TEHRAN - Iran's oil minister said the Islamic state would not retreat from its nuclear program even if its crude oil exports grind to a halt, the official IRNA news agency reported on Saturday.
But he also called on the European Union, which accounted for a quarter of Iranian crude oil sales in the third quarter of 2011, to review its decision last week to bank Iranian oil imports from July 1.
"We will not abandon our just nuclear course, even if we cannot sell one drop of oil," Rostam Qasemi told reporters, according to IRNA.
Tension with the West rose last month when Washington and the European Union imposed the toughest sanctions yet on Iran in a bid to force it to provide more information on its nuclear program. The measures are aimed at shutting off the second-biggest OPEC oil exporters' sales of crude.
Qasemi said Iran would cut oil exports to some nations in Europe - he did not specify which - in retaliation for the 27-state EU's decision to stop importing Iranian crude.
"Our oil exports will certainly be cut to some European countries ... We will decide about other European countries later," Qasemi told a news conference, IRNA reported.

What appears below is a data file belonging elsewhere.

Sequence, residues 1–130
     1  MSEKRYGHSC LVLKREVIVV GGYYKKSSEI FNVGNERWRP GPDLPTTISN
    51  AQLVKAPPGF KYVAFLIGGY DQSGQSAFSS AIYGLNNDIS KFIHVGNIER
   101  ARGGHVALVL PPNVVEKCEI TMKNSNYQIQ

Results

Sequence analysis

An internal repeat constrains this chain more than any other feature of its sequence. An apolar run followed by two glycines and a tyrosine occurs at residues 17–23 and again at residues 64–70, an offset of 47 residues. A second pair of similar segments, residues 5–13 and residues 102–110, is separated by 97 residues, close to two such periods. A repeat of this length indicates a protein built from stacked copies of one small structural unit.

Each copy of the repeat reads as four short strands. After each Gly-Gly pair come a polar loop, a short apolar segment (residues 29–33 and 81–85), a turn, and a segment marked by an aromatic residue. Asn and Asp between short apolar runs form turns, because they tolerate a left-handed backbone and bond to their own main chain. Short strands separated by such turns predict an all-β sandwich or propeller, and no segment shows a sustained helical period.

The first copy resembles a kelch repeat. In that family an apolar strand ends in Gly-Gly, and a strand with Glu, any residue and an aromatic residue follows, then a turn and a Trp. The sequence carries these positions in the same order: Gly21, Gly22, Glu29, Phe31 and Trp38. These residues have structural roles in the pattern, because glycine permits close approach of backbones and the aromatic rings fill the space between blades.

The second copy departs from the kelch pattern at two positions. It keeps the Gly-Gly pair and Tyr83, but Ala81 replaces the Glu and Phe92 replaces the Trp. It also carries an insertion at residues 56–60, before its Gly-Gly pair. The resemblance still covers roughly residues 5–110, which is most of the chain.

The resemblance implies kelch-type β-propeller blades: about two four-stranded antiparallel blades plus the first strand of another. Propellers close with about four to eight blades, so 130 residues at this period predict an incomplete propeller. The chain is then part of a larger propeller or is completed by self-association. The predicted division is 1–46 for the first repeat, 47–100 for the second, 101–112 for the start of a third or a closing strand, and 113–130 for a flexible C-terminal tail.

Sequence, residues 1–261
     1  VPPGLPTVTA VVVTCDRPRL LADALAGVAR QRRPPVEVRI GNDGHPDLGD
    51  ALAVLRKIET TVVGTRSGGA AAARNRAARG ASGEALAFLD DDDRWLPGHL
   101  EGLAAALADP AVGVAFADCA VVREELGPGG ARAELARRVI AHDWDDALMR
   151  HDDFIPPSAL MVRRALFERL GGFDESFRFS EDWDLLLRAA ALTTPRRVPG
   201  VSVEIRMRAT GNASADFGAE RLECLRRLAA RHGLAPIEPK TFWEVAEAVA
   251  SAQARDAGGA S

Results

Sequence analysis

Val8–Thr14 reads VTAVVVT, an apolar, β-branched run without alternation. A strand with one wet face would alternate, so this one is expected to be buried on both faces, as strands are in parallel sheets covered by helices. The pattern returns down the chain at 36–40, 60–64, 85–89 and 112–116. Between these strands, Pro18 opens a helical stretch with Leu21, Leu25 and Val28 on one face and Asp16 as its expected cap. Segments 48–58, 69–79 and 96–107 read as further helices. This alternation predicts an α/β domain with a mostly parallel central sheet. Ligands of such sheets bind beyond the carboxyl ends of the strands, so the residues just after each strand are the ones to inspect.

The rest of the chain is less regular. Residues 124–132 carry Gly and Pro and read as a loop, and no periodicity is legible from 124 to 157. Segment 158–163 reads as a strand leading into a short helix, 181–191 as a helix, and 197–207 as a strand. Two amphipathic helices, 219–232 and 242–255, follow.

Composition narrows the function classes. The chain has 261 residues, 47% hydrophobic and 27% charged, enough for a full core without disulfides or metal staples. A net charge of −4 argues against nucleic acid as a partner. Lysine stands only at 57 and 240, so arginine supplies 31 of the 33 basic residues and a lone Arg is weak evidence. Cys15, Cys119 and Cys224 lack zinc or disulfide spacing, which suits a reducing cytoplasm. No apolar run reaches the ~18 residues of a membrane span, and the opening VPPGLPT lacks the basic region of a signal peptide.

He urged Europe to reconsider its ban, and said the oil market is in balance now but would be thrown into turmoil without Iranian crude supplies.
"Unfortunately the EU has succumbed to America's pressure. I hope they would review their decision on sanctioning Iran's oil exports," Qasemi said.
"The international crude market will experience turmoil in the absence of Iranian oil with unforeseen consequences on oil prices," he said.
However, analysts say the global oil market would not be greatly affected if Iran were to turn off the oil tap to Europe.
The EU's ban on Iranian oil came after US President Barack Obama signed new sanctions into law on New Year's Eve that would block any institution dealing with Iran's central bank from the US financial system.
If fully implemented, these measures will make it impossible for countries to buy Iranian oil.
Isolated Iran is also facing problems over the price it charges neighbor Turkey for its natural gas exports. Turkey said on Jan. 31 that it was taking Tehran to international arbitration over the matter.
Qasemi rejected Ankara's complaint that the price was too high. "Iran surely cannot decrease its natural gas price (for Turkey) without legal authorization," he said.
Iran exports 10 billion cubic meters of gas each year to Turkey, making it Ankara's second-biggest supplier after Russia.